More often than not, Lealiifano is calling the plays for his outside men, rather than Giteau, and it would appear that the Brumbies are pinning their attacking game around Lealiifano in that New Zealand-style second five-eighths position.
Queensland Reds inside centre Anthony Faingaa was something of a surprise naming in the Reds’ No.12 at the start of this season, but since then, he’s repaid new Queensland coach Ewan McKenzie’s faith in spades.
While the likes of Quade Cooper, Will Genia, and even rookie speedster Luke Morahan are getting the rave reviews in the Reds’ cracking season start, Faingaa has been a constant performer among these names, even if he hasn’t been as widely noticed.
His defence has always been a strong point, and this has certainly continued to be the case in 2010, though admittedly, anyone defending in the line next to Quade Cooper is going to look fairly solid.
But he’s also a straight, hard running centre, not unlike NSW’s Tom Carter, and Faingaa’s ability to hit holes really shone in the Reds’ 50-10 demolition of the Western Force in Brisbane on Sunday, where he scored his first and then second try for the Reds since moving north from Canberra at the end of 2008.
While his talent was always evident, it seems he’s finally benefitting for the same thing every young player craves: opportunity. On current form, there should be plenty more of it coming his way.
Western Force flanker Ben McCalman first caught my eye a few weeks back, when I forced myself to ignore a lifetime’s worth of backline instinct and watch forwards for a weekend (yes, it was painful, and no, I’m not quite back to normal).
Having made his Super rugby debut from the bench in round 1, McCalman was elevated to the starting line-up following the long-term injuries to Wallaby backrowers Richard Brown and The Roar’s own David Pocock, and has just gone from strength to strength since, albeit in some fairly well-beaten Force teams this year.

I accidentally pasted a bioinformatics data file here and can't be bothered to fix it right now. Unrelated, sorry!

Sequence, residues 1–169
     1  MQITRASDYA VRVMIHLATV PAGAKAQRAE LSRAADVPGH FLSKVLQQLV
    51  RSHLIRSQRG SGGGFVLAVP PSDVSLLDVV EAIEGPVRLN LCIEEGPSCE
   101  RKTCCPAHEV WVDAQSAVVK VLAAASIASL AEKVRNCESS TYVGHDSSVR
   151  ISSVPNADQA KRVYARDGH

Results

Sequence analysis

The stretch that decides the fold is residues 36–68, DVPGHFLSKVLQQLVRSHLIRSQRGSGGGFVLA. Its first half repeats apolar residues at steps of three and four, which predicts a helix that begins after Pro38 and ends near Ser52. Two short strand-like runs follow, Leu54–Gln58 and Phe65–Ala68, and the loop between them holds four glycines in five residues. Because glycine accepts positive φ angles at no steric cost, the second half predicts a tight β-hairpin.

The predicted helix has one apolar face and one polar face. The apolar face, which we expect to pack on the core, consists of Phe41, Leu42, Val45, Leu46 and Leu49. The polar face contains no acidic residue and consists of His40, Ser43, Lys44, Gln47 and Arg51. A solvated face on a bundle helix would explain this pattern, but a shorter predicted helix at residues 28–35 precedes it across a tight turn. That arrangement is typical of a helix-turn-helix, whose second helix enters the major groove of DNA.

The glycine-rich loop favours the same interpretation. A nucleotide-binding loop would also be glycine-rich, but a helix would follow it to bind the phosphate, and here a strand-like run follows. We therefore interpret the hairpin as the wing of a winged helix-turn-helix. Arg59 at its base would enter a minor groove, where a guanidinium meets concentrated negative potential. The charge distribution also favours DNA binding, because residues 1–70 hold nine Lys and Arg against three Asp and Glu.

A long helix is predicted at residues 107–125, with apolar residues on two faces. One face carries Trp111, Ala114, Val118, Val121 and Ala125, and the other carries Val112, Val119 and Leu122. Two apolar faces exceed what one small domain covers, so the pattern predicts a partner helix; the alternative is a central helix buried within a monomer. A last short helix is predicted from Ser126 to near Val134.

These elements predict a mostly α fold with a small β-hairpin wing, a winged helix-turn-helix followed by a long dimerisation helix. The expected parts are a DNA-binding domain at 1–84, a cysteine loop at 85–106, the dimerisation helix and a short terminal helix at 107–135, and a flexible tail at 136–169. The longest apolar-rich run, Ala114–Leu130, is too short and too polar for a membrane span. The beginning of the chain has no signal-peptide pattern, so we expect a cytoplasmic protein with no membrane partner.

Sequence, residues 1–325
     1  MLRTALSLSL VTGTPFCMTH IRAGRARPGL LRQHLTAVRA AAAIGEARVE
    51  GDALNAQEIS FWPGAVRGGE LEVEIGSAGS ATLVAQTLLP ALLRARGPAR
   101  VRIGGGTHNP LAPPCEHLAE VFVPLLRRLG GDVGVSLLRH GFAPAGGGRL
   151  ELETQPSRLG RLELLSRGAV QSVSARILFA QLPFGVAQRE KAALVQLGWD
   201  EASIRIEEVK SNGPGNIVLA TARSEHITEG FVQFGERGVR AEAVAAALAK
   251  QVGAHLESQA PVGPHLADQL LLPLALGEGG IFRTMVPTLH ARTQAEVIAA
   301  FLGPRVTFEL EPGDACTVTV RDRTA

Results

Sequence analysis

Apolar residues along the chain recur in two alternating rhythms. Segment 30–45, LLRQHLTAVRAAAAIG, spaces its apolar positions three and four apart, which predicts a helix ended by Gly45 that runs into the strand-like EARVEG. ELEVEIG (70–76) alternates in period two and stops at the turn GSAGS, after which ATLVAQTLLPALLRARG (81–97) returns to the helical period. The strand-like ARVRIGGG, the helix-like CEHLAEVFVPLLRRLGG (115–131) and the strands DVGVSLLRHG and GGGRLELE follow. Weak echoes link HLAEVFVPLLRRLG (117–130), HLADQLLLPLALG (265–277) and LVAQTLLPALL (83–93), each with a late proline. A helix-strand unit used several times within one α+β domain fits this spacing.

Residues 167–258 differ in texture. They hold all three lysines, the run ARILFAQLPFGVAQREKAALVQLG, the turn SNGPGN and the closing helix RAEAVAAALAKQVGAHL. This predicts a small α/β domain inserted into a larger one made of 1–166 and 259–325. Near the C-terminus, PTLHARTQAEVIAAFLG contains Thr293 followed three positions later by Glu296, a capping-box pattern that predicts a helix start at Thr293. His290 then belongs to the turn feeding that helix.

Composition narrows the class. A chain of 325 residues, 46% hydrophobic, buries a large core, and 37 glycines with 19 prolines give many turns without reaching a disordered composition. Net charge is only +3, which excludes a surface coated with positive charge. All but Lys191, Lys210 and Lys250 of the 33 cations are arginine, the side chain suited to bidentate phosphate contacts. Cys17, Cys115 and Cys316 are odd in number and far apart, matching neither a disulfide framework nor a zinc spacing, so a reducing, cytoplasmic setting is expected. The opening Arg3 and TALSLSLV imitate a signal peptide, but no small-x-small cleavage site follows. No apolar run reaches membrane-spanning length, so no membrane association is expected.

While there’s been seemingly weekly shuffling of the troops in the Force pack of late, McCalman has been a fixture in the No.6 jumper, and his work in combination with openside flanker Matt Hodgson has been a rare highlight so far in a season the Force desperately needs to get back on track.
Like his Sydney Uni team-mate Dave Dennis, who then went to Europe last Spring, McCalman was brought into the Wallabies pre-tour training squad having grabbed the attention of Robbie Deans while playing strongly in last year’s Shute Shield finals.
His ability to cover lock and backrow can only be a good thing for his future selection hopes, and it’s not difficult to picture him in Australian colours in the coming years.
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Brett McKay is a former non-tackling scrumhalf and not-quite-first-grade middle order stalwart. A rugby and cricket expert for The Roar since July 2009, Brett has written for Inside Rugby and Cricket Australia, and is also PLAY Canberra's rugby correspondent. He tweets from @BMcSport